Affecting memoir of a life with one of the great Irish editors
Memoir: I'll Drop You a Line: A Life With David Marcus, Ita Daly, Londubh, pbk, 126 pages, €14.99
Published 03/07/2016 | 02:30
Ita Daly, widow of 'New Irish Writing' founder David Marcus, has written a beautiful account of their time together
This affecting memoir by the widow of David Marcus reveals aspects of the man hitherto unknown to anyone but his immediate family and most intimate of friends - including the sad last years that preceded his death in 2009 at the age of 84.
For the rest of us who knew, admired, indeed loved him, and certainly for a thankful generation of Irish writers, he was the great encourager and enabler, more crucial to literary careers than even such other notable editors as Ian Hamilton in London or William Maxwell in New York.
When, at the age of 22, he founded the magazine Irish Writing in his native Cork, he published new work by Samuel Beckett, Seán O'Casey, Frank O'Connor, Seán Ó Faoláin and Liam O'Flaherty, as well as giving room to younger and less-known writers, and by the late 1940s he had also created Poetry Ireland, whose crucial role in the publishing of new Irish verse continues to this day.
By then, he had abandoned thoughts of the legal career for which he had studied in University College Cork, but a devotion to the talents of others wasn't earning him a living and he eventually found gainful employment in London, where he remained for much of the 1950s and 1960s.
Literature, however, was always uppermost in his mind, and even though Irish Writing had come to its impecunious end in 1954, he returned to Ireland in the late 1960s with a radical publishing idea: a weekly page in a national newspaper that would be devoted to new writing. He intended to pitch this to the Irish Times but on his way there he bumped into the Evening Press's features editor, Seán McCann, who persuaded him to offer it instead to Tim Pat Coogan, who had recently been appointed editor of the Irish Press and who immediately saw its potential.
Appearing every Saturday for almost two decades, David's 'New Irish Writing' page published early work by such now illustrious authors as John Banville, Dermot Healy, Neil Jordan, Colm Tóibín, Anne Enright and Joseph O'Connor, and it also featured new stories by such established masters as William Trevor, Edna O'Brien and John McGahern, as well as new verse by poets who were either already famous or on the way to becoming household names. In brief, it published everyone worth publishing - David had a great nose for literary talent.
It was through the New Irish Writing page that I first met him. As a final-year college student, I had submitted five poems to him and he accepted one of them, explaining in his letter of reply why he hadn't cared for the others but asking for some more. He accepted one from that batch, too, and suggested we meet for coffee in Bewley's of Westmoreland Street, where I found him the epitome of old-world courtesy and encouraging interest.
Soon afterwards, I found myself employed by the Irish Press, where I was assigned to work as assistant to David, who by now had also become book review editor of the paper. I don't know what he made of my lax timekeeping (he hated any kind of confrontation, and anyway was too mannerly to chide me directly), but I cherished my year with him - not just for his avuncular presence or his literary insights and wise judgments, but also for the occasional confidings that were to be had from this normally most discreet, indeed reserved, of men.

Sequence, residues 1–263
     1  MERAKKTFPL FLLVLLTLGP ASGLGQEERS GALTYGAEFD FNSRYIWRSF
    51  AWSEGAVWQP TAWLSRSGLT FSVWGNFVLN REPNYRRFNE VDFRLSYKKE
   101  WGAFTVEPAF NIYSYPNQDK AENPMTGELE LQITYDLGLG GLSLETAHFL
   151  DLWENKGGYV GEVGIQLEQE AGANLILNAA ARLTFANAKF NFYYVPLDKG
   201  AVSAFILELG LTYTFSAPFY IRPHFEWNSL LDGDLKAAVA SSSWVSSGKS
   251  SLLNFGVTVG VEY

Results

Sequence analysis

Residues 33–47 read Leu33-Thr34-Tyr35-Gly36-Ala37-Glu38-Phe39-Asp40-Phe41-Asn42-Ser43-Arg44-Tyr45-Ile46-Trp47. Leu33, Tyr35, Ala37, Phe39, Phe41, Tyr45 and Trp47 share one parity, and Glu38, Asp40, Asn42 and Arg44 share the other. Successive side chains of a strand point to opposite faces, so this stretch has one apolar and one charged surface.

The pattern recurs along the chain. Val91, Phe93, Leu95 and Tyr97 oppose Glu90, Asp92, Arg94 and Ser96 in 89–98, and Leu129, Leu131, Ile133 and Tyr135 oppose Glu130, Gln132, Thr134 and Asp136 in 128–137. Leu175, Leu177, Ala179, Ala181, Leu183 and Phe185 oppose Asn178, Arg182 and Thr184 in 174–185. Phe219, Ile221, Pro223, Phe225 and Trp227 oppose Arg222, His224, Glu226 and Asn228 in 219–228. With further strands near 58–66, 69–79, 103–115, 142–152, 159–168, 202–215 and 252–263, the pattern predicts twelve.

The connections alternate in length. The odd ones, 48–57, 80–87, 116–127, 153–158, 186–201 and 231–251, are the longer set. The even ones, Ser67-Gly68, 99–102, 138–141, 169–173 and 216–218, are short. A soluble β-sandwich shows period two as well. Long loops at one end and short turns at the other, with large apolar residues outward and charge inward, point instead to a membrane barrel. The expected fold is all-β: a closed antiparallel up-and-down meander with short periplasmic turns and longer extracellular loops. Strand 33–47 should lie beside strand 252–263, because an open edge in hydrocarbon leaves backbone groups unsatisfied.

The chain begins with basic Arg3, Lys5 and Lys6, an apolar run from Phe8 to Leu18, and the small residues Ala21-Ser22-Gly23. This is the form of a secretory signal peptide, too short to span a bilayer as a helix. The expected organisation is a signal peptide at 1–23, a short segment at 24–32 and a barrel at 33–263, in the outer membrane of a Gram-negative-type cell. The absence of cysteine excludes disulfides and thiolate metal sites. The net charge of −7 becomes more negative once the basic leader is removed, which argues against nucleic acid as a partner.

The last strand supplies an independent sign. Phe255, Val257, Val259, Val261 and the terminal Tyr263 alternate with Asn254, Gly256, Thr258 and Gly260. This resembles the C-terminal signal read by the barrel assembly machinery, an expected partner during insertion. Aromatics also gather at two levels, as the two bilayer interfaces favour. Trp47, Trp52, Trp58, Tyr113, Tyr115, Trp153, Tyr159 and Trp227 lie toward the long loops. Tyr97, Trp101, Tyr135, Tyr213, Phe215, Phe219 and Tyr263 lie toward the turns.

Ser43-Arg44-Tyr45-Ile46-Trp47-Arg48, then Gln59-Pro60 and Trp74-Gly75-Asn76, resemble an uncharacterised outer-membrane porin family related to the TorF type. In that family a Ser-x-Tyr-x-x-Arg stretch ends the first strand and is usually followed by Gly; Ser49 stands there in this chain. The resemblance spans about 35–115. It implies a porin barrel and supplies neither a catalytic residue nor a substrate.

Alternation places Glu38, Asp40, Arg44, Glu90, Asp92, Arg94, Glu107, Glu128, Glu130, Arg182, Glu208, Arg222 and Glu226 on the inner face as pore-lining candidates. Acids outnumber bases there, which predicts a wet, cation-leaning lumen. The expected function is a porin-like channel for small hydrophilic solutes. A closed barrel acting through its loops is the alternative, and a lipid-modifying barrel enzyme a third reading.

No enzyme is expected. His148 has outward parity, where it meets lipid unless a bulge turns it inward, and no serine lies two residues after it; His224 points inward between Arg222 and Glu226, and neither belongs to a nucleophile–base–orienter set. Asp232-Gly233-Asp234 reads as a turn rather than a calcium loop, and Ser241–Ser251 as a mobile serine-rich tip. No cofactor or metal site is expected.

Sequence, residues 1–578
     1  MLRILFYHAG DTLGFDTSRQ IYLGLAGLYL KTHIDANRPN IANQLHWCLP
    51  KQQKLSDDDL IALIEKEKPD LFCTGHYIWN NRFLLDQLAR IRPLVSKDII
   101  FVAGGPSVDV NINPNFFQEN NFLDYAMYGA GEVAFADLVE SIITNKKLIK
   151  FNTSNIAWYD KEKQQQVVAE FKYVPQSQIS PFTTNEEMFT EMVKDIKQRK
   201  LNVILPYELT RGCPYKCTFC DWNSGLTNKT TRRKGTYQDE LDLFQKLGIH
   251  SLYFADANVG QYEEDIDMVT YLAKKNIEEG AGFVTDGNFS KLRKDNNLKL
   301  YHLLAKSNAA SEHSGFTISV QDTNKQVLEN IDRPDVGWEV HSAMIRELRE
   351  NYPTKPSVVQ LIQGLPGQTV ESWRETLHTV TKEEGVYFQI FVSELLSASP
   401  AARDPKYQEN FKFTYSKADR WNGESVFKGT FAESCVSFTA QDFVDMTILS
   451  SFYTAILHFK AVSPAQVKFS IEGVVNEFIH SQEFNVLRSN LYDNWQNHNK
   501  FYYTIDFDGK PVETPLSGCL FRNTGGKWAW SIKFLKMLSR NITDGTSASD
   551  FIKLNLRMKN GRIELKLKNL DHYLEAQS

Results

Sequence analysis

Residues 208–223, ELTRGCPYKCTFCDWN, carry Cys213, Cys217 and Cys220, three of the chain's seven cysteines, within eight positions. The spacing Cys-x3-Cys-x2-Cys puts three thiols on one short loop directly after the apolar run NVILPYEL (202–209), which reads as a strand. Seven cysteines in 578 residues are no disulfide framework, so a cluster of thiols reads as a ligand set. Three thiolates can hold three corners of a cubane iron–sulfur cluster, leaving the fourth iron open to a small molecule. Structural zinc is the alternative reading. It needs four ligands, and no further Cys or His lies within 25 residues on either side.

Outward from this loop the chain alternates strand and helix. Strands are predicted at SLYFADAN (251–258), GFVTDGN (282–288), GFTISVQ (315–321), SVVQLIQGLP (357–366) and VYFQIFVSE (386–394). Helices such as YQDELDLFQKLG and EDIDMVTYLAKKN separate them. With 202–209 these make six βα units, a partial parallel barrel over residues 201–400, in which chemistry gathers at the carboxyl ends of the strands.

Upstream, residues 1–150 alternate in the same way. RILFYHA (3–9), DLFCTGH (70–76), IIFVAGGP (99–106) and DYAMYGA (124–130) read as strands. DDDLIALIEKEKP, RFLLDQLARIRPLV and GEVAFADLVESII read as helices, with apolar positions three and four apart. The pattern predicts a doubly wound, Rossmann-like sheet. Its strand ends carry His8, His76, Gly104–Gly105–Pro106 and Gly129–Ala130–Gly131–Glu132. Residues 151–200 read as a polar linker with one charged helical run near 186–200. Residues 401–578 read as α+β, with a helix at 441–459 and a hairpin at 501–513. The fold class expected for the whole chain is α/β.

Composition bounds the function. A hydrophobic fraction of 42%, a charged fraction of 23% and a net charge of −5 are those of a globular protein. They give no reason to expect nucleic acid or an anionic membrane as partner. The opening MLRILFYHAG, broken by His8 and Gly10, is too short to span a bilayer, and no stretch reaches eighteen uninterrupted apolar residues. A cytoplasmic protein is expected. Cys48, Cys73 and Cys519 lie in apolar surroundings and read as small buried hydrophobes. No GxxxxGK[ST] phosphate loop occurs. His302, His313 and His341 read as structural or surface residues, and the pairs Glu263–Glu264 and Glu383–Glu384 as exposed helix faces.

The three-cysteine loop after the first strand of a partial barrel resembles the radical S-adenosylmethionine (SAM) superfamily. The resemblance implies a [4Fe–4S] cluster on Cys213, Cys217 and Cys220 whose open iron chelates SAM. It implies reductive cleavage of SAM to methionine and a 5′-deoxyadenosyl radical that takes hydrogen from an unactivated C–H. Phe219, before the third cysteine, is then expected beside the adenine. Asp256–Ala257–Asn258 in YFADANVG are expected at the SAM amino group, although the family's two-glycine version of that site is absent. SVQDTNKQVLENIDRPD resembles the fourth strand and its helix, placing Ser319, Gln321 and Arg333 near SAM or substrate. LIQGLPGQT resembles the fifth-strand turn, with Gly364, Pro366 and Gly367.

The one I most vividly recall is when he returned to the office from a meeting with yet another of the young writers he'd invited for coffee in a nearby hostelry. "I think I'm in love," he said in a giddy whisper, and it was plain that he'd been instantly smitten.
Ita Daly describes this first meeting with David in her touching and beautifully written memoir - a meeting that eventually led to 37 years of marriage and to a much-loved daughter, Sarah. But the book is as frank as it is fond, both in its examination of herself and of the difficulties inherent in adjusting to life with someone who was almost two decades older.
Family problems were there at the outset, too, her unbendingly Catholic mother aghast at the notion of her getting married to someone who not only was approaching 50, but was also a Jew ("a lapsed Catholic and a lapsed Jew", the author points out), while on David's side two religiously orthodox older brothers disowned him. And, indeed, when the young wife found herself, on the first night of marriage, in the spartan Wellington Road flat of this set-in-his-ways "stranger", she couldn't help asking herself: "What have I done?"
What she had done was to begin a life-long relationship with "a man of few needs and little ego", a man who "hated going to parties and book launches" but who also "made no attempt to change me and was as happy as long as I didn't try to change him".
Marriage brings change, of course, and Ita immediately found herself abandoning the bohemian pub lifestyle of her past, while over the decades the demands of marriage and motherhood also took their toll on her creative life - she was a fine novelist, though her books never got the critical or popular acclaim they deserved. Towards the end of their life together, David slowly but inexorably succumbed to dementia and there are distressing passages about the helpless rages that would overcome this most kind and mannerly of men, though the author is just as unsparing about her own failures in coping with this heartbreaking illness.
"I was a bad-tempered woman with a short fuse," she notes of this troubling time, though at the book's end she reminds herself of the David who had been her companion for almost four decades - recalling that he had always called her "my love" and that "he was mine, too. I had loved him in my fashion and imperfectly, but I had loved him".